8 March, 2001
Subject: a more considered appraisal of the Zander decision at the ECHR
Application no. 32040/96 by Joseph ZANDER against the Netherlands
Following my last message on the inadmissibility of my complaint at the ECHR I'd like to give a more detailed appraisal after reading the decision. (You may remember I was reluctant to do so at that time).
On Friday 23-2 I gave a lecture at Leiden University (the oldest university in Holland) to both a Dutch and an international group of students. It was about my experiences at Strasbourg. Afterwards I had a discussion to assess the lecture with the Professor who invited me. He had formerly worked at Strasbourg. As a result of this discussion and of my preparation for the lecture, I can add some more remarks on the decision in my case.
Regarding Zander v. Netherlands
1. An oral hearing seldom takes place. It is even rarer in a case where the admissibility still has to be decided.
2. The decision is of an unusual length for a non-admissibility-decision.
3. There was a minority of judge(s) who held the opinion that my case was admissible, because it is signed as a majority and not a unanimous decision.
Combining 1, 2 and 3 gives even stronger support to my suggestion that there was a division in the court (well, it's a fact now, actually). It would be very interesting to know what the minority's opinion was. But this would only become known if the case was admitted. And this could also be (are there other explanations?) a reason why the case was not admitted. In this light it may be that the majority of judges did indeed want to, or have an interest in hiding the arguments of the minority.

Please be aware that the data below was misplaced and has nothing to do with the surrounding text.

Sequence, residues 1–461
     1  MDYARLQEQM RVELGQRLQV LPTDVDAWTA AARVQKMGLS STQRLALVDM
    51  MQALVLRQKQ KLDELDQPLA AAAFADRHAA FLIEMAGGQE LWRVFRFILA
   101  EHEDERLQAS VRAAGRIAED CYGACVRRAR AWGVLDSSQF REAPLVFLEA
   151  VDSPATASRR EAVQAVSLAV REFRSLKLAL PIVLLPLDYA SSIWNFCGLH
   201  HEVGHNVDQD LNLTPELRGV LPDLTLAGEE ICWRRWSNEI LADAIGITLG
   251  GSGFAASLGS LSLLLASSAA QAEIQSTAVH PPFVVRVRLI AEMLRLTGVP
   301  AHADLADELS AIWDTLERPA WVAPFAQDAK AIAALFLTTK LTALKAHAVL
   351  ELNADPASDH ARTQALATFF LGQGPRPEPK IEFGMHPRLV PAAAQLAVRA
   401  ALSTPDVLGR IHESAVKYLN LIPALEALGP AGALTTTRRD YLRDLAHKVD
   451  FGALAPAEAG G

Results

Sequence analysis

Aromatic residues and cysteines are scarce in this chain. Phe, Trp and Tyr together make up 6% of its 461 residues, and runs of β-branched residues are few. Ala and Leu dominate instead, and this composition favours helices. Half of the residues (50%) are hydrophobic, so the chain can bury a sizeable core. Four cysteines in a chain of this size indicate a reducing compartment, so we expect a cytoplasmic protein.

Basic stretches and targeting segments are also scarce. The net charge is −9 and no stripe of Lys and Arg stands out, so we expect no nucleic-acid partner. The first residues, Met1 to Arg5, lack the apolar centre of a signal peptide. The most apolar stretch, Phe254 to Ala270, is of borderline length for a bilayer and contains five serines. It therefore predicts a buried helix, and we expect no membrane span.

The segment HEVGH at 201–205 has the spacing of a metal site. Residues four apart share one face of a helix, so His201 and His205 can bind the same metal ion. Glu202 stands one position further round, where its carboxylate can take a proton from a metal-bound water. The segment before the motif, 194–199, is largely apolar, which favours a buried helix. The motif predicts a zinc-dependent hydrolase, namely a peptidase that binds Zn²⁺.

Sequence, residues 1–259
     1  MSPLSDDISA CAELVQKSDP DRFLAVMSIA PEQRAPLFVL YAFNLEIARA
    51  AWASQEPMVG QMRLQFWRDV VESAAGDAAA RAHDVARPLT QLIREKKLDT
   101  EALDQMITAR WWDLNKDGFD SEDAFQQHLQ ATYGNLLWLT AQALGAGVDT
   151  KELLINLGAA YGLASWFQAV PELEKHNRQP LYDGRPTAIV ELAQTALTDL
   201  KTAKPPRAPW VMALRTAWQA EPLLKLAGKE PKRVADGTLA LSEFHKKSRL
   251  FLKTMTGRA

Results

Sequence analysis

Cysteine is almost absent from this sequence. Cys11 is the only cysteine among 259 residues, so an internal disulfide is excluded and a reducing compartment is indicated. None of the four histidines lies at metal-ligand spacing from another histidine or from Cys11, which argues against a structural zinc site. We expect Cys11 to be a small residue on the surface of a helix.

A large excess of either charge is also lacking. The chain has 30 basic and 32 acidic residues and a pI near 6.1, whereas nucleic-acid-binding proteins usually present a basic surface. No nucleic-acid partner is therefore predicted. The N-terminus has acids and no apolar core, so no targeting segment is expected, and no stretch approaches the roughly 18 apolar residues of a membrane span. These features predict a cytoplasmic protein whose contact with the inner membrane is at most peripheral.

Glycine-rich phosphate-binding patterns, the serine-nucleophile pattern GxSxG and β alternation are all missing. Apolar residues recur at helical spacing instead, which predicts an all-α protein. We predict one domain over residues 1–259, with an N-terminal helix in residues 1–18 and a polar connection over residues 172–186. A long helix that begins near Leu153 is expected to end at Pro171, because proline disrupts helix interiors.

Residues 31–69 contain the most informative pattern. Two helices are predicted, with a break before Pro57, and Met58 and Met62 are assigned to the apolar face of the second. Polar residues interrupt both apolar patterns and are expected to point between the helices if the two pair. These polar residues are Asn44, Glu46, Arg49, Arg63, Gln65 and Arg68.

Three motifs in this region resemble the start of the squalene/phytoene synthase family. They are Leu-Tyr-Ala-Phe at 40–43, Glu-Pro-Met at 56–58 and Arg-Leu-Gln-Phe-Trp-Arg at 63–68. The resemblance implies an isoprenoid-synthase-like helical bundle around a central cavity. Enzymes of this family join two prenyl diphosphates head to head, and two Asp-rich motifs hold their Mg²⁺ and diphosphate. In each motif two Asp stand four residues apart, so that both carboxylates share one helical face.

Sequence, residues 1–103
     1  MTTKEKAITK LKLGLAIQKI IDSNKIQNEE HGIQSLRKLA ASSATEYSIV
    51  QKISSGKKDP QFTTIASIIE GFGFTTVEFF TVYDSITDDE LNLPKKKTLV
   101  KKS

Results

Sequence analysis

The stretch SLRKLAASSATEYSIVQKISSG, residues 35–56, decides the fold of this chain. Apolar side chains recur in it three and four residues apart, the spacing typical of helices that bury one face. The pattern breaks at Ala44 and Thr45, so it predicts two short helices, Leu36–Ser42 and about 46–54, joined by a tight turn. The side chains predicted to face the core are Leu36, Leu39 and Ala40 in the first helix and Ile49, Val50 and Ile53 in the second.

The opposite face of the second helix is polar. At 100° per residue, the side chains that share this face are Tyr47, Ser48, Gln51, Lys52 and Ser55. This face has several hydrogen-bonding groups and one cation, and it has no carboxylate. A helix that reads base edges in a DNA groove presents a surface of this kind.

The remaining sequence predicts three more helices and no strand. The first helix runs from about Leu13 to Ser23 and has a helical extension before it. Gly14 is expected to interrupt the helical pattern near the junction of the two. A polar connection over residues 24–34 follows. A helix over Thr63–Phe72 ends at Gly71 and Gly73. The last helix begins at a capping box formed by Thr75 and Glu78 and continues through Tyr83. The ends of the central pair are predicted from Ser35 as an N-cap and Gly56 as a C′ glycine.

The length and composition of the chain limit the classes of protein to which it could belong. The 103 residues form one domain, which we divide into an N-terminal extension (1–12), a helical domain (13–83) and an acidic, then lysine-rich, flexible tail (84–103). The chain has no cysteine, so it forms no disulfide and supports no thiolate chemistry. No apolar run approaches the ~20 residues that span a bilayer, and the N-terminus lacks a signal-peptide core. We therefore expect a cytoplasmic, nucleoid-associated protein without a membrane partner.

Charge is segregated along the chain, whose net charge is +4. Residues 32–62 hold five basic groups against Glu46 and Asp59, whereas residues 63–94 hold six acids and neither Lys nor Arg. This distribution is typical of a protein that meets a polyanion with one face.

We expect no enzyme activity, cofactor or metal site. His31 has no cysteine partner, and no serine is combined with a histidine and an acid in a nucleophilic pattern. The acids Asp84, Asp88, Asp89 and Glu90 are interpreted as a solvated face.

In regard to my mention of soroptimists in my former message to you all, I should point out that it is not unusual to discuss the power balances in such cases, or the influence this may have on the sentences they arrive at. Such matters were also considered legitimate areas of discussion on Friday.
4. The decision of the Strasbourg court still contains some incorrect portrayals of the facts, but the insinuations against me put out by the court press office in the lead-up to the hearing appear to have been countered successfully and have mostly disappeared. So the decision gives a better-balanced vision of the facts of the case. Still there remain some remarkable mistakes. The Strasbourg decision makes it appear that the domestic courts had ruled on the terms of the law – which in point of fact they did not do. They said they did, but they didn’t – in the sense that they made no arguments to this end (this is kind of complicated). There are more points of this nature.